While I didn’t notice this particular fact before, I did notice several other special laws that hold in the standard interpretation but not in general affine logic, and listed some of them towards the end of section 3 of the paper. For instance, the fact that intuitionistic logic satisfies both distributive laws means that the standard interpretation satisfies the “purely additive” distributive law $P \wedge (Q\vee R) \equiv (P \wedge Q) \vee (P\wedge R)$ and its dual, whereas in general affine logic one only has the mixed multiplicative/additive distributive law $P\otimes (Q\vee R) \equiv (P\otimes Q) \vee (P\otimes R)$. Another interesting one is that the modality $!$ preserves $\vee$ and $\exists$; this property doesn’t seem to have been considered before in linear/affine logic.

I wonder whether one can characterize somehow the additional logical laws that hold in the affine logic of a standard interpretation.

Posted by: Mike Shulman on September 6, 2018 5:15 AM | Permalink | Reply to this

### Re: Linear Logic for Constructive Mathematics

Of course, when you write $P \parr Q \equiv (\neg P \to Q) \wedge (P \leftarrow \neg Q)$, you’re implicitly regarding the intuitionistic propositions $P,Q$ as affirmative/open affine propositions and then taking the “proof” part of the affine proposition $P\parr Q$.

Right, but that's the default; we do the same thing when we write $\neg{P} \equiv P \to \bot$. (Although we use a different symbol in that case.)

But even when the propositions aren't affirmative, it's easier to think of the correct interpretation of $\parr$ as a modification of this default $\parr$ rather than as a modifiction of $\vee$, at least for me. For example, today I taught my remedial Algebra students that $a = 0$ or $b = 0$ if $a b = 0$. I always feel a twinge of guilt when I do this, because I try to teach my students useful, practical knowledge, and nonconstructive reasoning is impractical, at least when precision is required. (Although at this stage, they're really working in the field of rational numbers, and most of these students will never go beyond the real algebraic numbers[^1], maybe with $\pi$ adjoined, and that's a discrete field. It's in the Calculus classes where I really point out when things are nonconstructive and at least gesture towards how one can deal with this in practice.)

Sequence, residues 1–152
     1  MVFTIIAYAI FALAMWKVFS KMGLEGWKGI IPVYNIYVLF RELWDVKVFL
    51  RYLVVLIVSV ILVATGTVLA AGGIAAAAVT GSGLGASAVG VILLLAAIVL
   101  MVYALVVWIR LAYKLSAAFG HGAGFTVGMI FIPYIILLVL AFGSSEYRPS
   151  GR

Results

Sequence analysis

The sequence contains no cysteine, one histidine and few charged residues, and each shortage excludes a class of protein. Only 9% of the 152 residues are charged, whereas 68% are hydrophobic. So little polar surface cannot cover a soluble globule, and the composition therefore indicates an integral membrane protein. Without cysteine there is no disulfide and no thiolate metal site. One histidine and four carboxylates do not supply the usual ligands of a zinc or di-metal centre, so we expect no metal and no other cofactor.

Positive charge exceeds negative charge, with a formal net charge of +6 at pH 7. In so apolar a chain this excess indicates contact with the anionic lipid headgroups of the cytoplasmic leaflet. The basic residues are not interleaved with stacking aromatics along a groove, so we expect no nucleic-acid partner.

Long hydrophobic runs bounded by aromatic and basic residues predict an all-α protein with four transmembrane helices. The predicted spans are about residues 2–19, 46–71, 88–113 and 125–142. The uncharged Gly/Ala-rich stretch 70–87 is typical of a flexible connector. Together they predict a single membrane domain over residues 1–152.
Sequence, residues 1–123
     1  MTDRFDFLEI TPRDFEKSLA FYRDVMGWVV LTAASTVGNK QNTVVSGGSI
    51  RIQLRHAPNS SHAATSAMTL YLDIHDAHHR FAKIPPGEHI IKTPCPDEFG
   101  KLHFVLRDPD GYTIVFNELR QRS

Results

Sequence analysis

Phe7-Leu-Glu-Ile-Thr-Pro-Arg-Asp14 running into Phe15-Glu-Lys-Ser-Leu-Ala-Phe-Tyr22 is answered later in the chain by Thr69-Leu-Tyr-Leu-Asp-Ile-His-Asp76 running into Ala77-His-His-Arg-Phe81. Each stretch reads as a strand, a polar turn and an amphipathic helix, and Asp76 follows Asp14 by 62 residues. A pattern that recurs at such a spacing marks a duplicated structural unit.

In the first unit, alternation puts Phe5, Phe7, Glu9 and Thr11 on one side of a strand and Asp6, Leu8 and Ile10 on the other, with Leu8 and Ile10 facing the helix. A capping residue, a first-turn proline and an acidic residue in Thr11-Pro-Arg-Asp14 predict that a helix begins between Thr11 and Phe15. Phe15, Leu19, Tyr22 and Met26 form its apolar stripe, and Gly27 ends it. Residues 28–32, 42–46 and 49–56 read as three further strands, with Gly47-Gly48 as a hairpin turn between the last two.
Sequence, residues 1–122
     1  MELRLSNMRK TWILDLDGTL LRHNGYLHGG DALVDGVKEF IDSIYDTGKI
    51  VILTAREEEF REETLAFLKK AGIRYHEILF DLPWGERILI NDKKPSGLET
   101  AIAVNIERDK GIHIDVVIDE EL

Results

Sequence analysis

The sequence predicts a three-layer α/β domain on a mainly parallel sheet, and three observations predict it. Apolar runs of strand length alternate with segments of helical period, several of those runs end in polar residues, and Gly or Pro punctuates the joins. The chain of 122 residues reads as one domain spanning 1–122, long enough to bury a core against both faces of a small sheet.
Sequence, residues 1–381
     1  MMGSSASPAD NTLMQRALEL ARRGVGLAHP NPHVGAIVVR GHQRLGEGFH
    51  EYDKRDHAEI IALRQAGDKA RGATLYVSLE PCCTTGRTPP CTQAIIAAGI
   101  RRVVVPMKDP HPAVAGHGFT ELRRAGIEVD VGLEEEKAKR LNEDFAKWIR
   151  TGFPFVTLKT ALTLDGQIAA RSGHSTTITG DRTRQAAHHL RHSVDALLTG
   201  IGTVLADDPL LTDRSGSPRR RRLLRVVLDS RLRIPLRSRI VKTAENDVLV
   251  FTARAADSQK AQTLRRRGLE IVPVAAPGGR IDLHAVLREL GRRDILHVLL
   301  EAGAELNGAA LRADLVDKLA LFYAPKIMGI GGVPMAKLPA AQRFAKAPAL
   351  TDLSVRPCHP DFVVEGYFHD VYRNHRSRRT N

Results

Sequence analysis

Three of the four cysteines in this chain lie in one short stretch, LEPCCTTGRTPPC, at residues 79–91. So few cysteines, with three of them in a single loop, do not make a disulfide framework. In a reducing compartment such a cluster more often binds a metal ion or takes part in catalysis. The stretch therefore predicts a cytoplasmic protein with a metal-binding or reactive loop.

[^1]: actually, the real radical numbers; that is, they'll never deal with the roots of nonsolvable polynomials such as $x^5 + 2 x + 1$

But if I interpret ‘or’ as $\parr$, then it's much more believable. Sure, $\forall\, a, b\colon \mathbb{R},\; a b = 0 \;\Rightarrow\; a = 0 \;\parr\; b = 0$ is not strictly correct as a theorem in constructive mathematics (without accepting Markov's Rule). But neither is $\forall\, a\colon \mathbb{R},\; \neg\; a = 0 \;\Rightarrow\; {|a|} \gt 0$, yet I wouldn't mind saying ‘The absolute value of $a$ is positive if $a$ is nonzero.’ (nor be surprised to hear a constructivist say it), because we're used to fudging the meaning of symbols like $\ne$ and words like ‘nonzero’. (The purists will use $\#$ and ‘apart from zero’, but I'm not this much of a purist in ordinary language.)

In fact, much of your paper is just formalizing the intuition behind such fudging. The idea that instead of dealing with a negation directly, you take the de Morgan dual of everything, reinterpret $\neg{=}$ as $\#$, and so on, then see what you can do with that statement instead, is old hat. But the idea that, when you do this to a conjunction, you may end up with a $\parr$-like statement instead of an $\vee$-like statement is fairly new to me. And indeed, when I dualize ‘$a b \ne 0$ if $a \ne 0$ and $b \ne 0$’, I can't get any correct statement involving $\vee$, but ‘$a = 0$ or $b = 0$ if $a b = 0$’ is correct as long as ‘or’ is understood to be a fudged $\parr$. (In practice, if I were writing a work of constructive mathematics, I'd probably say ‘$a = 0$ if $b \ne 0$, and conversely’, but from now on, I'll be thinking $\parr$.)

I'm now trying to find a way to pronounce $\parr$ other than ‘par’. If not a word, I'd be happy with a short phrase such as ‘if and only if’. Indeed, ‘if not’ (or ‘unless’) captures half of it, and ‘or else’ captures the other half, but neither ‘unless and or else’ nor the reverse seems to work grammatically.

Posted by: Toby Bartels on September 6, 2018 9:26 PM | Permalink | Reply to this

### Re: Linear Logic for Constructive Mathematics

Yes, I agree with all of that.

I don’t mind “par” myself; at least it’s unambiguous. But I could get used to “unless and or else” too; in principle it doesn’t seem different grammatically from “if and only if” where the conjunction “and” combines two other conjunctions (in the grammatical) sense) “if” and “only if”, or “unless” and “or else”.

Posted by: Mike Shulman on September 6, 2018 9:44 PM | Permalink | Reply to this

### Re: Linear Logic for Constructive Mathematics

But I could get used to “unless and or else” too; in principle it doesn’t seem different grammatically from “if and only if” where the conjunction “and” combines two other conjunctions (in the grammatical [fixed link ―Toby] sense) “if” and “only if”, or “unless” and “or else”.